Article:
The cannery was located on an island in the southeast of the state. The town was small for anyp

    A year or two out of college I was employed at a bookshop in Seattle, earning little more than minimum wage. For a change of scene, I signed up with some friends to work the salmon season at a cannery in Alaska. It was rough work, seven days a week, 8am to 11pm (or to 1am on nights when you had cleanup duty). We didn’t get to see much of “real Alaska,” but you could feel it around you. The wilderness.

    The cannery was located on an island in the southeast of the state. The town was small for anyplace other than Alaska, with not much more than a single road. The rest of the island was uninhabited. People wandering into the interior were sometimes never heard from again. No one went in search of them. It was assumed the wolves or bears had got them. The moss and muskeg would hide their bones.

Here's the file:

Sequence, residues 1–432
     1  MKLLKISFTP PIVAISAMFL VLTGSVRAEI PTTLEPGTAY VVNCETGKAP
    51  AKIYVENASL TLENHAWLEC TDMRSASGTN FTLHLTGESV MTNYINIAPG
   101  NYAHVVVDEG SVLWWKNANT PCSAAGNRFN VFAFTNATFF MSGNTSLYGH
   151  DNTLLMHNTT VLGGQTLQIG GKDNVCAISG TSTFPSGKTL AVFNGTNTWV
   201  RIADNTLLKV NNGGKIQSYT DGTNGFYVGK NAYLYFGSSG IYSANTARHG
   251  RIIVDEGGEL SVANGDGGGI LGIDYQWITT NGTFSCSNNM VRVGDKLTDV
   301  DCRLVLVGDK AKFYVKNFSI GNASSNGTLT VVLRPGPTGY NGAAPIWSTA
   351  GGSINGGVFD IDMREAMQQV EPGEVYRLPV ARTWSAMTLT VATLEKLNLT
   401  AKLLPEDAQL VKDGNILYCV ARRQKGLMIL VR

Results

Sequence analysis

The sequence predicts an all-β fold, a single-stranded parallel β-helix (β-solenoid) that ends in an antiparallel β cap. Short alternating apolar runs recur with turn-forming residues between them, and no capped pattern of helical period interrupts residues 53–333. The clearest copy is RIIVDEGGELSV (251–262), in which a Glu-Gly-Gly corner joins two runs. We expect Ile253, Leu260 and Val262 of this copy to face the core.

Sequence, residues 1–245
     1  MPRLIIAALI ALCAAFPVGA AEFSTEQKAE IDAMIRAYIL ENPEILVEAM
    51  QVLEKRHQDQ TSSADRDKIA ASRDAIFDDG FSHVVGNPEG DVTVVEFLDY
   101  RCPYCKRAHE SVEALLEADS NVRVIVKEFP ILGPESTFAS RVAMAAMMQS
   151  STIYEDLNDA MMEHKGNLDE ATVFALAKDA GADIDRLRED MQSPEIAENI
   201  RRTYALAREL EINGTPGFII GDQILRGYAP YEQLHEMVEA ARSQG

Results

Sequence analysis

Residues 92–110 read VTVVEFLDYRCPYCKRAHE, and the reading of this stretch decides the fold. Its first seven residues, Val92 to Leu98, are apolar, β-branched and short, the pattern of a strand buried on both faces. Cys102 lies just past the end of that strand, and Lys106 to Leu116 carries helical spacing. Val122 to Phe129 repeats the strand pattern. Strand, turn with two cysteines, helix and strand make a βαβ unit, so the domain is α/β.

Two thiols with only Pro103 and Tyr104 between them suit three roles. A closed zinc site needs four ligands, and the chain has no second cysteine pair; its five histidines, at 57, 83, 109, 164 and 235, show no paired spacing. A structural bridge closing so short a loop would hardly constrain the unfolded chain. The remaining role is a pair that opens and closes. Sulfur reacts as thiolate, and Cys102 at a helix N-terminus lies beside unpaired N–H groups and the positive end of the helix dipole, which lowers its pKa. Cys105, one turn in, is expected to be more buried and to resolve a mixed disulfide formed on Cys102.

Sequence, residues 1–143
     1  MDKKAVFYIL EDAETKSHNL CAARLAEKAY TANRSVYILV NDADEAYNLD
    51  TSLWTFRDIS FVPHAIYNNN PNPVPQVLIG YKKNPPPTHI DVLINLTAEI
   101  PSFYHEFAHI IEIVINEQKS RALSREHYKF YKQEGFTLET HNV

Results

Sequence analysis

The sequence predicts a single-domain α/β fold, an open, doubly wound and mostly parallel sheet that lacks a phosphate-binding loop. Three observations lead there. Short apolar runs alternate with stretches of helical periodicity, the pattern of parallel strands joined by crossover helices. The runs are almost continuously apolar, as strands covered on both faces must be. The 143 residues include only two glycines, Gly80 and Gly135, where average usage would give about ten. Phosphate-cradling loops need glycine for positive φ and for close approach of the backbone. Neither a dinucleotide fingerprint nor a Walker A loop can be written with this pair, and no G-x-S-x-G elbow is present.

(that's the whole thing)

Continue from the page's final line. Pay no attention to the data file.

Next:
Though I saw little of Alaska, it was enough to grasp its fascination. If my sense of it had faded some over the past twenty years, McPhee’s wonderful book has helped to revive it. I suddenly find myself scheming ways to get the wife and kids up north on vacation as soon as possible.

    One of my college professors first introduced me to John McPhee. It was a writing course, and he was reading brief passages from one of McPhee’s books (I don’t recall which one), lingering over certain passages and expostulating on the genius of his prose, his crystalline expressions. McPhee is rarely flashy. There is no false posturing. He is curious, broad, but crisp, fresh, clear.

    My former favorite of McPhee’s books (among those I have read) was

    , but

    is just as good. The first part of it follows McPhee on an outing in the total wild of the Brooks Range. The second has to do with the politics of the state circa 1977. The third, and by far the longest, is the best. In it, McPhee lives with and among the trappers, the miners, the townspeople, the hippie kids and the Athapaskan natives of the Yukon River country near the Canadian border.

    In this small but broadly scattered and loose-knit community, McPhee finds all the hope, discontent and anxiety of the human condition. It’s a parable (perhaps) of the riddling complexities that face us today, finding ourselves to be a part of the natural order and yet standing, somehow, outside of it.

  • Lobstergirl

    I was really hoping this would be about geology, along the lines of